27 February 2013

Wednesday Works - Jim Dine Hearts with 4th grade

With Valentine's Day approaching, I asked my 4th grade class what kind of project they might be interested in working on next.   I received a few answers at once, "hearts!"  "Painting!"  "Something messy"

To go along with our goal of 5 new lessons in each grade level, I took their requests and did a little research into Jim Dine, an American Artist, at times associated with the Pop-Art movement but only because of his focus on everyday items. 

We looked at his group of paintings and prints that had a heart for a main focus.   Without making the artworks be "valentines" as such, I introduced several steps of layering different materials to try and create some depth in these little works.  

Our first step was colored paper.   Students could choose to work on their heart feature as a positive or negative space element.

 Either filling in the background areas around the heart....

Or working with the heart as a positive space.

The goal here was not so much in the colors they chose, but in the texture they were trying to create as a base layer.

For an additional element before painting began, students were instructed to use crayons, colored pencils, and both washable and permanent markers to bring out different parts of their project.   They weren't sure what would happen when we painted over marker or colored pencils, but they do know about wax-resist using crayons and paint from a previous lesson. 

Then the painting.   My kids and I are really happy with using the tempera cake paints this year.  That is definitely something we will be using again next year.

After these have a chance to dry, we'll look at them one more time to see if we need to pull out some detail with colored pencils or markers but I am very happy with the results so far!  

22 February 2013

20 February 2013

Bonus content for 3rd grade - coloring page links

school subject coloring pages

Challenging coloring pages

Here are just 2 links to some free printable coloring pages I put in the free-time bin in my room.

As I find a few more, I'll update the page.

Wednesday Works - Ceramic Fish in 4th grade

Having our school right on the river gives us a very close up view of the wildlife native to our area.   For my ceramic lesson with 4th grade, we decided to make fish.   Kids were able to make actual species or an amalgamation of fish parts to create on of their own.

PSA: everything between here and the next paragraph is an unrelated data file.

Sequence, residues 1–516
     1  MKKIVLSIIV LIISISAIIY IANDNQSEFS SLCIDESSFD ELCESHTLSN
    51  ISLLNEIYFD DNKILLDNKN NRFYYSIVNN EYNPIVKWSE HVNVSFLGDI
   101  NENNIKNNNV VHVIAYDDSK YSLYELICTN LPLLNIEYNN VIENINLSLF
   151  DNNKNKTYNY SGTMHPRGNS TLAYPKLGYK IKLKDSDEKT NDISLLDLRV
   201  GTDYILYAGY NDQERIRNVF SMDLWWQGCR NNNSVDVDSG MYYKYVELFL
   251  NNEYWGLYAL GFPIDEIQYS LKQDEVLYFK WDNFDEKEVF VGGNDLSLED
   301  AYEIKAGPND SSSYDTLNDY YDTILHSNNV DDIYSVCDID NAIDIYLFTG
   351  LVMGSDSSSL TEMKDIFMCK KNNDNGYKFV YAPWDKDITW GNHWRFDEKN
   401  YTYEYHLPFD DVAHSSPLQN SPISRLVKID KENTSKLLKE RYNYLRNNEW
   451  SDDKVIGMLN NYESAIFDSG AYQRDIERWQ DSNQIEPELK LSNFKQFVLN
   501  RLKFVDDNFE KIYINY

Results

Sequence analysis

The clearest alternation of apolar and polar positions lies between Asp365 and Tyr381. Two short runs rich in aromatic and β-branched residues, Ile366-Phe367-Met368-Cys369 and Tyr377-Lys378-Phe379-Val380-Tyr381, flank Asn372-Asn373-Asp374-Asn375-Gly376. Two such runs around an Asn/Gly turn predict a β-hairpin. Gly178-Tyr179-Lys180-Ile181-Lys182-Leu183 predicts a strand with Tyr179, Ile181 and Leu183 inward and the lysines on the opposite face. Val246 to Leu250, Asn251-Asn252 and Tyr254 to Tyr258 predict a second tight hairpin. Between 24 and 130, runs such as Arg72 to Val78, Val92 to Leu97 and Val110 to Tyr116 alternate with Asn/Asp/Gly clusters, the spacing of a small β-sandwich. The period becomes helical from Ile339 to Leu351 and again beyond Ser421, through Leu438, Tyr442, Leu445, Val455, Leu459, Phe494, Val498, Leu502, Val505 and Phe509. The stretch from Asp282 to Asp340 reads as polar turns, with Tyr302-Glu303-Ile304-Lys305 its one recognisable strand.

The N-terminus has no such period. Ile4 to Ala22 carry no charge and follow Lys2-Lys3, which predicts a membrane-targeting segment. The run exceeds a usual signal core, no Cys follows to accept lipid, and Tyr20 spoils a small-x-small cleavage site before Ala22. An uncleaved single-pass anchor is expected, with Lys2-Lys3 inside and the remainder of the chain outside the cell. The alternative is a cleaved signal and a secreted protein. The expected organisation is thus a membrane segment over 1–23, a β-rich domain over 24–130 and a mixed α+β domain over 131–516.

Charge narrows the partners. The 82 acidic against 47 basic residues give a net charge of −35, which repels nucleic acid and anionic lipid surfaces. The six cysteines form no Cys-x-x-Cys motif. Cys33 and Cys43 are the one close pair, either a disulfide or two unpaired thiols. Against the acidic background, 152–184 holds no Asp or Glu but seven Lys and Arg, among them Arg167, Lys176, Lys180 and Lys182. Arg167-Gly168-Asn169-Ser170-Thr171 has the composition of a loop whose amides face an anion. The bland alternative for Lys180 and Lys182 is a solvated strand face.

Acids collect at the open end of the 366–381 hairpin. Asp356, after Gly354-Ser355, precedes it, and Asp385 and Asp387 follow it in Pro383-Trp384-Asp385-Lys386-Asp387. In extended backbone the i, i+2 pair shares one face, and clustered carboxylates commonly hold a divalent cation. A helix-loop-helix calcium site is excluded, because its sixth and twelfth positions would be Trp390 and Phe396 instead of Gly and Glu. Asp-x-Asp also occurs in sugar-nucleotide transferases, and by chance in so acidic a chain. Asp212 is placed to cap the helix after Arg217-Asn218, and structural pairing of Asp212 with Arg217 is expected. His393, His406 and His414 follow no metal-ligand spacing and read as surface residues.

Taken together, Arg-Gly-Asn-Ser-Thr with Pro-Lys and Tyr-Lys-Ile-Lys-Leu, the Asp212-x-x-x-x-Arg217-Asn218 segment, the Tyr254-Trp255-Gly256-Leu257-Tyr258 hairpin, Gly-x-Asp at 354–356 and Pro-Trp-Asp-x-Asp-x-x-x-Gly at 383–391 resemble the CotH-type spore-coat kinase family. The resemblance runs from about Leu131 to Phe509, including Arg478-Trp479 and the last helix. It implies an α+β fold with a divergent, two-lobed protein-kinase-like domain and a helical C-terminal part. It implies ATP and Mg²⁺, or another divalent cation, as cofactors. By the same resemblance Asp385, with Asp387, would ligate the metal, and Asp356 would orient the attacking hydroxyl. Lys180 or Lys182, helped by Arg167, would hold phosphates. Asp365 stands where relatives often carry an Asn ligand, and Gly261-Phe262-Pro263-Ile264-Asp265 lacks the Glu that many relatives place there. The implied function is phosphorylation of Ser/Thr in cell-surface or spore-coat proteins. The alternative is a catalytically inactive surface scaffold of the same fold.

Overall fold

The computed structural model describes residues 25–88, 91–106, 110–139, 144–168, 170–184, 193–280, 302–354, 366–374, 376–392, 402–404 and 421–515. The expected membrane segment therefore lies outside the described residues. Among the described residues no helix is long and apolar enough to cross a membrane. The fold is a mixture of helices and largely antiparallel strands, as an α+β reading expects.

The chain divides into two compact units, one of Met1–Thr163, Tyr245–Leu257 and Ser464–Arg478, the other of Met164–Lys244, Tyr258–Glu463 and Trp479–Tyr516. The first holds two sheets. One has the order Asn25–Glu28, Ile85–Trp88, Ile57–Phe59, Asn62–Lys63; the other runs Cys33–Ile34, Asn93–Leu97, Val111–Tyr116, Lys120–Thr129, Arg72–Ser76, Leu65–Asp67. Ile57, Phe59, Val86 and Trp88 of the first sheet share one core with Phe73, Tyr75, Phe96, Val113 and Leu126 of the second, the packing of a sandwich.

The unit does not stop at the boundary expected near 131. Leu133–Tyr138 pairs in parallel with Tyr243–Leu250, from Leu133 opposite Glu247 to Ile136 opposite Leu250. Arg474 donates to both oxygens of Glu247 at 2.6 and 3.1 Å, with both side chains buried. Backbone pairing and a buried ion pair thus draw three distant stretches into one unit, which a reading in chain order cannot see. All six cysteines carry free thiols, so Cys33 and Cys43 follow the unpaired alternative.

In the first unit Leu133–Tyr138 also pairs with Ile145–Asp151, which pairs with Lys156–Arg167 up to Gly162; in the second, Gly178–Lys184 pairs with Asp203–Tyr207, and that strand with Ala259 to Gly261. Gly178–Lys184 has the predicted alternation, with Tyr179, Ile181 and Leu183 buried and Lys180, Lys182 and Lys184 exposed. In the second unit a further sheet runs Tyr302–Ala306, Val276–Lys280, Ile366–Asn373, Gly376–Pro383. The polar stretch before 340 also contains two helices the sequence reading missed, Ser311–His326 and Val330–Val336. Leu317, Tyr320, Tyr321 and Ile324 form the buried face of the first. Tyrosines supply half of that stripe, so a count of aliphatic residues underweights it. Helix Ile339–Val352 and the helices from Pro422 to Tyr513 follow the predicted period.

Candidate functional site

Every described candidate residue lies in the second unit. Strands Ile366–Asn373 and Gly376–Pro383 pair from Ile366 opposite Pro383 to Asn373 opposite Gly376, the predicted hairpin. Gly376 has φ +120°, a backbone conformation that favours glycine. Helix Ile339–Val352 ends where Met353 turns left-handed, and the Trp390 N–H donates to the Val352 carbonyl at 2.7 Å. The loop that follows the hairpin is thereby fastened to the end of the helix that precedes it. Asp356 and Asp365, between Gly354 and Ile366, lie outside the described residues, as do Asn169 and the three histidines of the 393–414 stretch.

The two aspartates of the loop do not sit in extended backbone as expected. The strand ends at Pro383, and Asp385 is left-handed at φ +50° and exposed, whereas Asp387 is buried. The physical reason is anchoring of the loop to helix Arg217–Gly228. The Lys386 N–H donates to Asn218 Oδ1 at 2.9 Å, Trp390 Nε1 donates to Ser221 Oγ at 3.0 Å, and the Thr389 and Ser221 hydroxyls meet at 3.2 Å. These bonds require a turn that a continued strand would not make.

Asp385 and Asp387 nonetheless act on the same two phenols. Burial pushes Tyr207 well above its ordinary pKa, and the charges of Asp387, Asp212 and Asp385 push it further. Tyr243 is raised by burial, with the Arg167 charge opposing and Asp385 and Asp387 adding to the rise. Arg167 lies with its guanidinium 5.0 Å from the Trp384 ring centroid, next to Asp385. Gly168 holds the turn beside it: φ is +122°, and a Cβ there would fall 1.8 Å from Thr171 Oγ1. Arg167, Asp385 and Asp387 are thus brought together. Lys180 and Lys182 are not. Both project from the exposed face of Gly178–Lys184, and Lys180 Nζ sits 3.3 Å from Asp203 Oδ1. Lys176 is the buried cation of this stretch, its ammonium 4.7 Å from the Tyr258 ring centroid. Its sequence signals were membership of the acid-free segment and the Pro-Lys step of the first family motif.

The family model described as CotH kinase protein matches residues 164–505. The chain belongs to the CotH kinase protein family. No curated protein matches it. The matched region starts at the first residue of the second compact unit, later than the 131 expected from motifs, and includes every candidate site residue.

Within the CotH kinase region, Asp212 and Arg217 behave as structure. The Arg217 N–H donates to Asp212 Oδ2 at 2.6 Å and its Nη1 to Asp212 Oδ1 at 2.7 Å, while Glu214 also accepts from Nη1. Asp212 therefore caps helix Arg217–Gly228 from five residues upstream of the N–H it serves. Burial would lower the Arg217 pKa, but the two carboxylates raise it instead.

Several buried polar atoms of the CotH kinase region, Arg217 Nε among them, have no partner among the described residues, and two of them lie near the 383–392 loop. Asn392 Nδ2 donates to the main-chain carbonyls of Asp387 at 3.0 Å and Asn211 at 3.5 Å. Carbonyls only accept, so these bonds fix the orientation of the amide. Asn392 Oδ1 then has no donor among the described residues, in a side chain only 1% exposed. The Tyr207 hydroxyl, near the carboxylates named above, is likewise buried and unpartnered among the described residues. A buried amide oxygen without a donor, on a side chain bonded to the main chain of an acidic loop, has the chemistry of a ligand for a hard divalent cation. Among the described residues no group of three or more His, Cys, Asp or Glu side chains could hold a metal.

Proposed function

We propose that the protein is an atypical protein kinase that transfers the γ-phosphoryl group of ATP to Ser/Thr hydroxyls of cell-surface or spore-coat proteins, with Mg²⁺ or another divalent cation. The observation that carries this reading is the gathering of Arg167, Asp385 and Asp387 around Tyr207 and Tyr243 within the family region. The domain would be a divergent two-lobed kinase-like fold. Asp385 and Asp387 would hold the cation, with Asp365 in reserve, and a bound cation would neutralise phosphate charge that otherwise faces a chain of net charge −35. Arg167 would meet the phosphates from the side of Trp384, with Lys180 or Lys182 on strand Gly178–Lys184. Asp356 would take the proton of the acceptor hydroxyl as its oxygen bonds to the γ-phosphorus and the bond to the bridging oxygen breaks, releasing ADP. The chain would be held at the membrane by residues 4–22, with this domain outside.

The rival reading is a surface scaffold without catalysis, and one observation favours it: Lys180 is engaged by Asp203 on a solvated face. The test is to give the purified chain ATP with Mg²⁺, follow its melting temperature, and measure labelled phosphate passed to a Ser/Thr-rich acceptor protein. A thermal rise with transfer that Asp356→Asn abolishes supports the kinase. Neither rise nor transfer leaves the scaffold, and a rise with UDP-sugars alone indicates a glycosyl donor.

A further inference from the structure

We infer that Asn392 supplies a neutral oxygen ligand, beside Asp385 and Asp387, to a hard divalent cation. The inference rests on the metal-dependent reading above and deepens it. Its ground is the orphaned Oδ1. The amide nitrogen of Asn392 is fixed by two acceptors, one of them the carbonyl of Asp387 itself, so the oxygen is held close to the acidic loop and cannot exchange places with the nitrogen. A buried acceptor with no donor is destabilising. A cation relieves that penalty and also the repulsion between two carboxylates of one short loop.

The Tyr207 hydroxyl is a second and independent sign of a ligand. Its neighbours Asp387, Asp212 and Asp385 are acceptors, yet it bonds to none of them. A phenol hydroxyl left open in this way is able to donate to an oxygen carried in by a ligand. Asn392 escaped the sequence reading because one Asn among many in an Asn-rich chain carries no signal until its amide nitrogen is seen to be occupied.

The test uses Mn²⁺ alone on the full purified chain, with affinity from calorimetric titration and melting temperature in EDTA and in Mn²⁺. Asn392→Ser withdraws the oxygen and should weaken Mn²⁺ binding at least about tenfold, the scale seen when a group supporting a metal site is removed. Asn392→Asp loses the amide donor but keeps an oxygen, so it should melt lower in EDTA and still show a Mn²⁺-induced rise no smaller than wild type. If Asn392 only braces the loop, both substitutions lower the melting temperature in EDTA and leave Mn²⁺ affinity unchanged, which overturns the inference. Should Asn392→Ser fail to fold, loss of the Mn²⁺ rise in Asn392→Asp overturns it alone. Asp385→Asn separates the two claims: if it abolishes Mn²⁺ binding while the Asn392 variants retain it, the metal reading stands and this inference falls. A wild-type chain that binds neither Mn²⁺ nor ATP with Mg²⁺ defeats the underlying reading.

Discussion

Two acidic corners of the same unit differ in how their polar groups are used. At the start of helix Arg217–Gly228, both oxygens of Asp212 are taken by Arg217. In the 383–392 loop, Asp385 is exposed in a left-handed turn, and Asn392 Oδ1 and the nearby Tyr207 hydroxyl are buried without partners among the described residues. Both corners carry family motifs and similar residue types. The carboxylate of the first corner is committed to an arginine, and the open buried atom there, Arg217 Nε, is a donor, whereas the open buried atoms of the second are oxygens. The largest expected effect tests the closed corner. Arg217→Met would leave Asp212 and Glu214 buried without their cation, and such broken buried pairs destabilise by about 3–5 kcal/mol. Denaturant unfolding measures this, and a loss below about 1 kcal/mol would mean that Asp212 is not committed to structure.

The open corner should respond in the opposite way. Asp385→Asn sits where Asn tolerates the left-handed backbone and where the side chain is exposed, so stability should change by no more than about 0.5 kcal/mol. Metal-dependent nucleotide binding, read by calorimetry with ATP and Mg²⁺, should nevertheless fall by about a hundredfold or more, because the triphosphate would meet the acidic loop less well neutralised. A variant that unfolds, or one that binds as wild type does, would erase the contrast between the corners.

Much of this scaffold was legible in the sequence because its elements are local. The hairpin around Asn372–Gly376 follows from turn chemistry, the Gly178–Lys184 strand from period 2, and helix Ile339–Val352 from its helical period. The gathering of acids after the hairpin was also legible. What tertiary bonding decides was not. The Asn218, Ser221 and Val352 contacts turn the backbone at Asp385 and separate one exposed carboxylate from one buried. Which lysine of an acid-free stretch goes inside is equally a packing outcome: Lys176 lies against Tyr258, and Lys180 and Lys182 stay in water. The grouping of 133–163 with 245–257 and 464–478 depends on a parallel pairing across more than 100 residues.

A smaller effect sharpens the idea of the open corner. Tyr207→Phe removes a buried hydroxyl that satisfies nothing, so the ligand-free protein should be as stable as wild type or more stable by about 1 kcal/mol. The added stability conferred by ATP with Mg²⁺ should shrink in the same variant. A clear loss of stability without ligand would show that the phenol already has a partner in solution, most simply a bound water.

Rolling slabs about 1/4-1/2  inch thick

 Sketching shape then cutting out the fish.

I use only AMACO White Art Clay No. 25 in my classroom.  I get it in moist form so I don't have to worry about mixing and the dust. 

 I nice selection of clay tools helps create fin and scale textures.  

 Plastic, wooden, or wire trimming tools work well.   Some students used pencils or marker caps, even tapping fingernails into the wet clay.

Adding spikes to a blow fish.

And the final step for this one, adding glaze colors of their choice.   Again, I only use AMACO lead-free, low fire glazes.  I feel comfortable sticking with one company to lesson the chances of any materials in the clay bodies or glaze mixes we really wouldn't want to be using in an elementary school. 

I do individual test strips for each bottle so the kids know exactly what the results would be.  My glaze chart has 90 some glaze colors at any one time.

Some students like to layer glaze colors to create new combinations.   This one was layered and then polka-dotted as well. 

19 February 2013

2nd grade bonus content - the riddle of the Honkabeast

Can you solve the riddle of the HONKABEAST??

         What has - 

      • 2 fiery yellow eyes?
      • a body with a hump?
      • a big row of silvery teeth?
      • 4 round feet?
      • a tail of fog?

                                                     Don't panic!  Just use your imagination!

18 February 2013

13 February 2013

Wednesday works - Pinch Pot Monsters - 2nd grade


An introduction to pinch pots was the basis for this fun lesson with my 2nd grade classes.

Once I demonstrated the pinch pot methods, students placed their pots on the side for the mouth of their monster.    Other than a little information about slipping and scoring to keeps parts together, the kids were on their own imaginations for this one!  Anything goes!  (anything went?  since we're finished?)

Here's a photo wall for you.

 Can you see the little red rectangle on these two photos?   This is how I keep the classes separated in the kiln when I fire them.   I have tabs for each day of the week, and several for grade level sections as well, all in different colors.   Students place projects on a large piece of paper in circles where they write their names.    I use a needle tool to scratch names into the bottom of each project.   Then the entire class of projects go to one shelf in the kiln with it's teacher/day/section tabs.  They've been fired many times and I haven't noticed a change in the colors, they just go into the kiln just as they are now.

After firing we painted them with tempera cakes which the kids have all unanimously agreed they like much better than the wet tempera in cups.  They like the colors and the easy way to use them.

 (this tray has a yellow "day 3" tab)

A quick shot of clear sealant (which I apply outside) to give them a little shine and projects will be coming home this week :) 

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